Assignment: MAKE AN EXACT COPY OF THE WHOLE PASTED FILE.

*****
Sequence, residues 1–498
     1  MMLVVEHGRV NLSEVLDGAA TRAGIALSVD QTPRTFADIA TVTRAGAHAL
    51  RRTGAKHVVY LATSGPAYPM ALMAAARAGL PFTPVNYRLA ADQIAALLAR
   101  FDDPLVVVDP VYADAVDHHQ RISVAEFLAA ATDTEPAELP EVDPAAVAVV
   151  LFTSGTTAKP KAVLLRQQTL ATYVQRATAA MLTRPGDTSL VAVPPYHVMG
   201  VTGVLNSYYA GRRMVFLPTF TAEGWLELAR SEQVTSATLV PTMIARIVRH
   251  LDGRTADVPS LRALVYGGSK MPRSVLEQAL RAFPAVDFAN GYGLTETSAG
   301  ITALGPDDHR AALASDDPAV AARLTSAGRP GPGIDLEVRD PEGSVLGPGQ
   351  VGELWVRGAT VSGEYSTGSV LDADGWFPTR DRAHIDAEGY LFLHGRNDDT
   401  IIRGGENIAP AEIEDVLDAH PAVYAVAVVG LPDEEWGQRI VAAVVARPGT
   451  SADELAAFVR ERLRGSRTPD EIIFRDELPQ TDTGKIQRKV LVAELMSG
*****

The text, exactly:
Sequence, residues 1–498
     1  MMLVVEHGRV NLSEVLDGAA TRAGIALSVD QTPRTFADIA TVTRAGAHAL
    51  RRTGAKHVVY LATSGPAYPM ALMAAARAGL PFTPVNYRLA ADQIAALLAR
   101  FDDPLVVVDP VYADAVDHHQ RISVAEFLAA ATDTEPAELP EVDPAAVAVV
   151  LFTSGTTAKP KAVLLRQQTL ATYVQRATAA MLTRPGDTSL VAVPPYHVMG
   201  VTGVLNSYYA GRRMVFLPTF TAEGWLELAR SEQVTSATLV PTMIARIVRH
   251  LDGRTADVPS LRALVYGGSK MPRSVLEQAL RAFPAVDFAN GYGLTETSAG
   301  ITALGPDDHR AALASDDPAV AARLTSAGRP GPGIDLEVRD PEGSVLGPGQ
   351  VGELWVRGAT VSGEYSTGSV LDADGWFPTR DRAHIDAEGY LFLHGRNDDT
   401  IIRGGENIAP AEIEDVLDAH PAVYAVAVVG LPDEEWGQRI VAAVVARPGT
   451  SADELAAFVR ERLRGSRTPD EIIFRDELPQ TDTGKIQRKV LVAELMSG